Is being a cheapskate an insult or a compliment?

Is being a cheapskate an insult or a compliment?

Is being a cheapskate an insult or a compliment?

Is it time to reappropriate the word cheapskate as a badge of pride rather than an insult? That’s only a partially tongue in cheek question (tongue half in cheek). The point is, should we really deem it socially acceptable to make fun of people not wantonly spending?

This was prompted by a post on my Facebook page on Monday morning. I’d written:

The PM was on Daybreak this morning. The best thing I overheard was the illusionists from Britain’s Got Talent walking up to David Cameron and saying, "I voted for you, will you vote for us?"

And one of the early replies was:

He probably doesn’t vote, the cheap skate."

I then had a little banter with the person who posted the comment, suggesting ‘cheapskate’ shouldn’t be used as a term of abuse on the page of a money saving expert. To which she noted, actually she’d never paid to vote either.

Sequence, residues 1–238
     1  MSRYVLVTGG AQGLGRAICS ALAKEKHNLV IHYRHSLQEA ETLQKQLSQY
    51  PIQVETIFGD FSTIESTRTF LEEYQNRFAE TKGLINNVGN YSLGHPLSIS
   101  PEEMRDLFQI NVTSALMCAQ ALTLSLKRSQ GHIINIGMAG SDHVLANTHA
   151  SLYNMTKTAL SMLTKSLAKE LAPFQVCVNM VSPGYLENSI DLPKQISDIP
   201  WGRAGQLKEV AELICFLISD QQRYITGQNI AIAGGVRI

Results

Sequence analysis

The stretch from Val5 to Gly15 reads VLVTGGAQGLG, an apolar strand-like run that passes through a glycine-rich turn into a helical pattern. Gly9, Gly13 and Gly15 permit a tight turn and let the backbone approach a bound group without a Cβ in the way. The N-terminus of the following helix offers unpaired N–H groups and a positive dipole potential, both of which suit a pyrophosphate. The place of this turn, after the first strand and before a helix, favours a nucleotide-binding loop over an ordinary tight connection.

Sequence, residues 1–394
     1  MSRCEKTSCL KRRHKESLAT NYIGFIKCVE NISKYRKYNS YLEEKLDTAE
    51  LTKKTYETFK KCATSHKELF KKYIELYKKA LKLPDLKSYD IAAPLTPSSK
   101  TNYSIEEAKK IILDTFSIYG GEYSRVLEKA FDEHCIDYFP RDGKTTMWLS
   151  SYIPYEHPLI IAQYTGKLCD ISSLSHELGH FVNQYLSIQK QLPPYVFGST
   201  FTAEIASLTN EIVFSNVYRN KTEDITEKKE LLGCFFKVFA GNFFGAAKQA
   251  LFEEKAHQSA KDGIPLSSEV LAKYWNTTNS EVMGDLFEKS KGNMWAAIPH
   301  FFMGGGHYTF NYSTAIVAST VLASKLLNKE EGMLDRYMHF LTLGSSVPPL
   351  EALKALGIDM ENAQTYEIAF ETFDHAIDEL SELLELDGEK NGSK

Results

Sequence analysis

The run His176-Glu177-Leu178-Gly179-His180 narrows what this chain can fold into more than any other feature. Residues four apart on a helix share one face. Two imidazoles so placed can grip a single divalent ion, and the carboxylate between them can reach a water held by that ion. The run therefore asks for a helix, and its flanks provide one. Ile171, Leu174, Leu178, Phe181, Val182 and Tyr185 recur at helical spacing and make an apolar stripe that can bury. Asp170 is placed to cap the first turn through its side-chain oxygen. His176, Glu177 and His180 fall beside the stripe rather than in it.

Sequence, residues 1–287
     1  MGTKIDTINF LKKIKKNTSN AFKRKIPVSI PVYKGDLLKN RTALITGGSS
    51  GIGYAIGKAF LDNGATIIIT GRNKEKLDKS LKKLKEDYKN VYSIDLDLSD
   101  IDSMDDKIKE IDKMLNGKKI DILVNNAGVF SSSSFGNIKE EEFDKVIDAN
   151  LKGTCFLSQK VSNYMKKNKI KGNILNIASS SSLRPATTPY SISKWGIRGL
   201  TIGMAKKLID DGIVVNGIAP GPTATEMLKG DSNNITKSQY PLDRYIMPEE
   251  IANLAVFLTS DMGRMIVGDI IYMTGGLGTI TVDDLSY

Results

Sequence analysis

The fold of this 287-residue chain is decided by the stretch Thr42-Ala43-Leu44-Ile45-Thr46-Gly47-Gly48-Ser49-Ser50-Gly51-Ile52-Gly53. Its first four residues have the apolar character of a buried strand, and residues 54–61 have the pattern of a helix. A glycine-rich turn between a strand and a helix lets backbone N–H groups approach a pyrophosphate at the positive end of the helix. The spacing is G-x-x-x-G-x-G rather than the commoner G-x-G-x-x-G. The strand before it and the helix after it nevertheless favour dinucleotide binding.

But, this moment of fun got me thinking, the use of the terminology "cheap", "tight", "skin flint" or, as was sometimes heard in the playground "jewy" (deeply offensive for its nasty racism as well as the financial element) and the various other iterations, which all prescribe the fact that someone not spending money, or sticking to their resources is a bad or negative thing.

Yet we live in a debt laden society, where people are struggling and actually for many people being restrictive with their spending is the right thing to do.

Of course there are some who are affluent but still skimp in a way that hurts others or themselves, that could rightfully be seen as underspending in a negative way – this is something we explored in the BBC Big Money Test, where one psychological measure of being too miserly is that you hold onto cash for its own sake, rather than seeing it as an enabler to boost your lifestyle.

However, often you still hear the phrase ‘cheapskate’ bandied from those who use money loosely, to others for not following their own profligate manner.

Unfortunately the only counter-phrase I can think of to throw back is the word ‘spendthrift’ and as I’ve written before, many people don’t understand this word (see Spendthrift – do you know what it means?).